A non-citizen could face deportation if:

  • They are convicted of a CIMT;
  •  A jail sentence of one year or longer is handed down as part of their conviction; and
  • The conviction occurs within five years after being admitted to the United States.

Additionally, even without the above circumstances in play, a non-citizen defendant can still be rendered deportable if they get convicted for two or more crimes involving moral turpitude arising from distinct criminal conduct.

Inadmissibility After Conviction of CIMT

Crimes involving moral turpitude can affect a person’s admissibility in The United States as well. A conviction for a CIMT or admission to all elements of such a crime can render one inadmissible. As an individual deemed inadmissible:

  • You won’t be able to apply for permanent resident status – commonly known as acquiring a green card.
  • Any attempts to adjust your current immigration status will likely be denied.
  • If you leave the U.S., you may face restrictions on re-entry into the country.
  • Finally, plans towards naturalizing and becoming a U.S. citizen could become impossible.

If you’re facing charges for a crime involving moral turpitude and you are not a United States citizen, it’s critical that you work with a criminal defense lawyer who is also extremely well-versed in immigration law and the consequences you could face.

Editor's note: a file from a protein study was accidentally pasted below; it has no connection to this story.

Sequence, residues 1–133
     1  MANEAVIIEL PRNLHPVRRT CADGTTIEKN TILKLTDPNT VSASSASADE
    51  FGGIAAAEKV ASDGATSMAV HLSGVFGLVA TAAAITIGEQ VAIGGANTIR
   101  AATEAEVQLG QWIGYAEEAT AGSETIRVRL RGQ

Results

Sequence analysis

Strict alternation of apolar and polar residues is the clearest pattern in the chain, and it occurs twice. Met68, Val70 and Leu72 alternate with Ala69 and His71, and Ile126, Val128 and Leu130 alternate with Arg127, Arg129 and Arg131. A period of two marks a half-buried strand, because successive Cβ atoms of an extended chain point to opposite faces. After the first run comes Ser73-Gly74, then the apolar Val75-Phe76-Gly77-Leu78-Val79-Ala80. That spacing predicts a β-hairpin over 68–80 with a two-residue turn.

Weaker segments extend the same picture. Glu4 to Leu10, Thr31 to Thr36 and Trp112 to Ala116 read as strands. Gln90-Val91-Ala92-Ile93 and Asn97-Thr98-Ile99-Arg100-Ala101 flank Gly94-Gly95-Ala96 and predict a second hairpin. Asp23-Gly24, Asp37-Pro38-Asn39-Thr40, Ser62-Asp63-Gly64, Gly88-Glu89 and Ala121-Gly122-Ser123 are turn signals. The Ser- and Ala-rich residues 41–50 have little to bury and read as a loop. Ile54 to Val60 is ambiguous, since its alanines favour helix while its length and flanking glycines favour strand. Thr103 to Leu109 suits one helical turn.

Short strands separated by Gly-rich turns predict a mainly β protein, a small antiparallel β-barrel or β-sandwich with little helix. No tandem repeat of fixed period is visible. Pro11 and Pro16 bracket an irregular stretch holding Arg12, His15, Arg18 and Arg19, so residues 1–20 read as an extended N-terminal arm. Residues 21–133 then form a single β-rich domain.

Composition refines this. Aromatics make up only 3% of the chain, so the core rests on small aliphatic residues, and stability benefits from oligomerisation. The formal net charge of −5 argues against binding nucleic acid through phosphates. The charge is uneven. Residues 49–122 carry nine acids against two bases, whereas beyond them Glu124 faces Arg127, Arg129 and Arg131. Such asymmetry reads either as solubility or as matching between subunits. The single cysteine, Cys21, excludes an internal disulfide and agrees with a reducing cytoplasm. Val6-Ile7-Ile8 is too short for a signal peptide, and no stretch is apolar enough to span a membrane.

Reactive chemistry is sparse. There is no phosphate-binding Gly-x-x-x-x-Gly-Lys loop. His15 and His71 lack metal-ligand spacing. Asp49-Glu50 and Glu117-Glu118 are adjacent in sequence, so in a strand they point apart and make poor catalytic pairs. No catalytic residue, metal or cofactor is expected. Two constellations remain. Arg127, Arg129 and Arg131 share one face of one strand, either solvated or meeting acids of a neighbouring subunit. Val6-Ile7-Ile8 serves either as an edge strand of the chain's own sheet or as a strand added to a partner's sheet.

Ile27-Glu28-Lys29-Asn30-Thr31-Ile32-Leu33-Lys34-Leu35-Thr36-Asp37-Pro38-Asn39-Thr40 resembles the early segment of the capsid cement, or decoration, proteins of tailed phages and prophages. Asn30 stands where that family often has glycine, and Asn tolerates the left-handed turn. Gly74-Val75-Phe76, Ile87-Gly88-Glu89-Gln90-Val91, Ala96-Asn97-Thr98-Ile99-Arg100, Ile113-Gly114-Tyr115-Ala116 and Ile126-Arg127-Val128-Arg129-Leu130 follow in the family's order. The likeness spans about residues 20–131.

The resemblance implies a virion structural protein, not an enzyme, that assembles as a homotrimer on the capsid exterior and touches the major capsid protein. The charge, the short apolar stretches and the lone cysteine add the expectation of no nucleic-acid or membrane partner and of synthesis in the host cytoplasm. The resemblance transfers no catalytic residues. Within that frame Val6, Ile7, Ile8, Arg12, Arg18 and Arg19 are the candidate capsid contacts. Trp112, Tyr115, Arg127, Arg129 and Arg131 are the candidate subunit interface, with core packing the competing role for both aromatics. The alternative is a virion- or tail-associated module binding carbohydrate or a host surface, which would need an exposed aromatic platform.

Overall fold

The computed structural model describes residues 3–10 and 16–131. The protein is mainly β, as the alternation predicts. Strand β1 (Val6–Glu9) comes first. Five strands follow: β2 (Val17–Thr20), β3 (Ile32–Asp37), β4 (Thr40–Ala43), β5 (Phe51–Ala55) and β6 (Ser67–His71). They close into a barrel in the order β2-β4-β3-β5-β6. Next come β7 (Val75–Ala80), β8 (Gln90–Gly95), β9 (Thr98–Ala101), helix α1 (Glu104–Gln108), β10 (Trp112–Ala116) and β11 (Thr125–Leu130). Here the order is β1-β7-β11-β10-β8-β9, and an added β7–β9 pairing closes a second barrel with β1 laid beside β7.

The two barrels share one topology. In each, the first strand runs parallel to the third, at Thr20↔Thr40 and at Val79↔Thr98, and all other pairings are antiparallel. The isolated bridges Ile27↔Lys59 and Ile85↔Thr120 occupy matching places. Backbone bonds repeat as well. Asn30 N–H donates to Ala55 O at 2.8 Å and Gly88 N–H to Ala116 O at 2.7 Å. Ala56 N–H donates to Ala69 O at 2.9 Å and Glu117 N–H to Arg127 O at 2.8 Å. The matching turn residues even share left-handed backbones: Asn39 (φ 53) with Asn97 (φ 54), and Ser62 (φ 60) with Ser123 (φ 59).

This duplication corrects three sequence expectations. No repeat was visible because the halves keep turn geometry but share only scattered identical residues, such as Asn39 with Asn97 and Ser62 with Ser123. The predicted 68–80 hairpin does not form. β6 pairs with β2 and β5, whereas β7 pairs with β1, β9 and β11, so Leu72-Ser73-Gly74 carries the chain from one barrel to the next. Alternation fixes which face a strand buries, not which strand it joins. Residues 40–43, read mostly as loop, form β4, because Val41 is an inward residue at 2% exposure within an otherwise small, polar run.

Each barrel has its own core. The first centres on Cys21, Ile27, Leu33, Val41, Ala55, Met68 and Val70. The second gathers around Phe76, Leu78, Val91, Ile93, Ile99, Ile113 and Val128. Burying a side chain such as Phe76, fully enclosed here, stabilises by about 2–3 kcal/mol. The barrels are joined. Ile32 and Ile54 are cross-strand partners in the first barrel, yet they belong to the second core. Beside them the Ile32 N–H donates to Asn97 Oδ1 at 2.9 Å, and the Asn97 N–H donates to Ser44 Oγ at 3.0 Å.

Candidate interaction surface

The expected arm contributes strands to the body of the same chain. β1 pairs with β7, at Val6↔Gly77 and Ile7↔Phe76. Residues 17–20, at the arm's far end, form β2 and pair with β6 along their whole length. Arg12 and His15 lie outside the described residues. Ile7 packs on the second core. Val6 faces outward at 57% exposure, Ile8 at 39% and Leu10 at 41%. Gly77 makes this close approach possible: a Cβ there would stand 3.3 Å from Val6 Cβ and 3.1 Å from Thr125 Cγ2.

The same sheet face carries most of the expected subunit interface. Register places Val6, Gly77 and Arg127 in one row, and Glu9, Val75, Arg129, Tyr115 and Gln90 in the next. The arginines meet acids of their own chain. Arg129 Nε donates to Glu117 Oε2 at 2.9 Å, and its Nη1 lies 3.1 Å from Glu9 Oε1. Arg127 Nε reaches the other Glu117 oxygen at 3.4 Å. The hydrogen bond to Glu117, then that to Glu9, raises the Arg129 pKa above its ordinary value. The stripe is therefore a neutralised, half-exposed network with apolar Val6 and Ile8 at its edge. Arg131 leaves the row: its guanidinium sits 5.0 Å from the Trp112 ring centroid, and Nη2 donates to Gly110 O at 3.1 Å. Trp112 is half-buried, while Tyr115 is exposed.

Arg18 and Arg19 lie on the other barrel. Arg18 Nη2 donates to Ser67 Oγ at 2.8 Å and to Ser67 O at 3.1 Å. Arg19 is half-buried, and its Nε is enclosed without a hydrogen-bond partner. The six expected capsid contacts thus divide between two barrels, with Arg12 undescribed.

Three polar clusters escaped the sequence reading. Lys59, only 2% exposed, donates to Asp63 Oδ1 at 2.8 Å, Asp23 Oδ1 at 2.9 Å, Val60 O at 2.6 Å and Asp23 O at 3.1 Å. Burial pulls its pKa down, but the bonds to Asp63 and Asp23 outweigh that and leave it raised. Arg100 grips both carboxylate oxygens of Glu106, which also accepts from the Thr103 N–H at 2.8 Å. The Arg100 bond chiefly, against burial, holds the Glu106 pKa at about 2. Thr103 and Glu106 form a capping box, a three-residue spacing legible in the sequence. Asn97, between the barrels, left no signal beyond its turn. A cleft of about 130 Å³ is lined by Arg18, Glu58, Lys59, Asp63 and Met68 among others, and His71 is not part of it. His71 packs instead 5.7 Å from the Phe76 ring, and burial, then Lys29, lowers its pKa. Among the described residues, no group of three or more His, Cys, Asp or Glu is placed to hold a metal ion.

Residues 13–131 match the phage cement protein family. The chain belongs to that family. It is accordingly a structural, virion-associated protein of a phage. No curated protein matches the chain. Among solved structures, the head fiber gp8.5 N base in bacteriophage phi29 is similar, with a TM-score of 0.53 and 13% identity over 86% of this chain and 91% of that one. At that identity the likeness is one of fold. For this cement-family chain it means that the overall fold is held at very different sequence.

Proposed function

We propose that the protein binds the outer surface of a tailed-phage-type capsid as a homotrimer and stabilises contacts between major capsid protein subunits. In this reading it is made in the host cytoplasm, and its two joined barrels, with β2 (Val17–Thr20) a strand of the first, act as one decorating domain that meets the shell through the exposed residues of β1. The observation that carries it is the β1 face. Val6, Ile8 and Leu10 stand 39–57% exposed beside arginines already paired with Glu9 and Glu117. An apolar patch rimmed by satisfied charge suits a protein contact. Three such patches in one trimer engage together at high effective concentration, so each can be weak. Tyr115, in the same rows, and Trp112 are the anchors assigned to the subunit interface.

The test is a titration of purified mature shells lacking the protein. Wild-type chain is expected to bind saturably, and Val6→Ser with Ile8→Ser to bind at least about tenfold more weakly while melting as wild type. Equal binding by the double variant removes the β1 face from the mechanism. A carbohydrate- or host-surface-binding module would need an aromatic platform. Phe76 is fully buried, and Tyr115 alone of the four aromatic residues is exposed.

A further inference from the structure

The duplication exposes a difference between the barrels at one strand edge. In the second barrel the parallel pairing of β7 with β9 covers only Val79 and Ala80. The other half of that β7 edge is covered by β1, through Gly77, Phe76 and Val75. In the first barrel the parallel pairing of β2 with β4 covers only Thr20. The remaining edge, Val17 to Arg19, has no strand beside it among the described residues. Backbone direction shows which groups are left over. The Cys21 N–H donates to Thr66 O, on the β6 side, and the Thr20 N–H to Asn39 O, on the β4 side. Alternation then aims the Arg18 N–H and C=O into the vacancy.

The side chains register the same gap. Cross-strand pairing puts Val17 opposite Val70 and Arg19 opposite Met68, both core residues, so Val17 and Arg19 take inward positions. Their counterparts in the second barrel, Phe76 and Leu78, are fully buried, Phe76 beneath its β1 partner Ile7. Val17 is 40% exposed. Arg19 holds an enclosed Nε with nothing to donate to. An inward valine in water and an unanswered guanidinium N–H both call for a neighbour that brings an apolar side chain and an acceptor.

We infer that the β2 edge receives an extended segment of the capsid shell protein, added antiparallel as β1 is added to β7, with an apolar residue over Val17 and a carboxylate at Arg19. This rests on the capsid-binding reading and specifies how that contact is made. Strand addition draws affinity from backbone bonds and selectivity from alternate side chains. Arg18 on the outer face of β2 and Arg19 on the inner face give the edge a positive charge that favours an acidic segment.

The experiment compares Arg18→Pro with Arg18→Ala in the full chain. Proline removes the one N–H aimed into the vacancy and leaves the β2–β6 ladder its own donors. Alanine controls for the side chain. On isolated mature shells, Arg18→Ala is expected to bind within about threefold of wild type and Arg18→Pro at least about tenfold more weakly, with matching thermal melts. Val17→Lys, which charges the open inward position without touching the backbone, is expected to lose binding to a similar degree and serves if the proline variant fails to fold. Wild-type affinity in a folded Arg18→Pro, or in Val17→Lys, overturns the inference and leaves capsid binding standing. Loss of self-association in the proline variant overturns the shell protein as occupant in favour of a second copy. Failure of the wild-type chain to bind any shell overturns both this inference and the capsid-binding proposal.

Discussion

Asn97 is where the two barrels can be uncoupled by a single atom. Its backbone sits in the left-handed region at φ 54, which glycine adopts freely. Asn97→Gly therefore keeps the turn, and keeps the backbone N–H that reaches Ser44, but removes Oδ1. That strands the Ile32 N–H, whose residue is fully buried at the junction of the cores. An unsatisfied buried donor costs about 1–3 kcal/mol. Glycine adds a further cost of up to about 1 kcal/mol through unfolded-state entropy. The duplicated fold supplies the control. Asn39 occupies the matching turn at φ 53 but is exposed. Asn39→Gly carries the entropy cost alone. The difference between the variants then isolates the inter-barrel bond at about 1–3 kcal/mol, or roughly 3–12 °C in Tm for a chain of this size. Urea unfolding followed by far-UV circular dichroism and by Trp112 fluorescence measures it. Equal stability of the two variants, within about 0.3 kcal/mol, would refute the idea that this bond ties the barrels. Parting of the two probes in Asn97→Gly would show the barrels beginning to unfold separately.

Professional Repercussions

Professional licenses such as those held by doctors, lawyers, teachers, and other professionals can be affected because these disciplines require those in the field to abide by certain ethical standards. Convictions for CIMTs could lead to loss of licensure or difficulty obtaining it in the future.

Credibility Impacts

If you’re ever called upon to testify in court, your credibility will likely be questioned if there’s a record that you have been convicted of a crime involving deceptive behavior.

As you can see, convictions on CIMT charges carry severe consequences extending beyond criminal penalties.

Contact Our Criminal Defense Law Firm of Ahmed & Sukaram, DUI and Criminal Defense Attorneys Today For Help.

If you’re accused of committing a crime involving moral turpitude you should seek experienced legal counsel as soon as possible. If you need help, don’t hesitate to contact us today to schedule a free consultation with a criminal defense attorney.

For more information please contact our criminal defense law firm of Ahmed & Sukaram, DUI and Criminal Defense Attorneys at the nearest location for a free consultation.

Ahmed & Sukaram, DUI and Criminal Defense Attorneys – San Jose Office
1625 The Alameda, Suite 405, San Jose, CA 95126
(408) 217-8818

Ahmed & Sukaram, DUI and Criminal Defense Attorneys – Redwood City Office
600 Allerton St Suite 201G, Redwood City, CA 94063
(650) 299-0500

Recent Posts

What Are the Safest and Most Dangerous Areas in Northern California?

What Happens if You Get an Out of State Warrant for Your Arrest?

How Often Do DUI Cases Go to Trial in California?

Call Now Button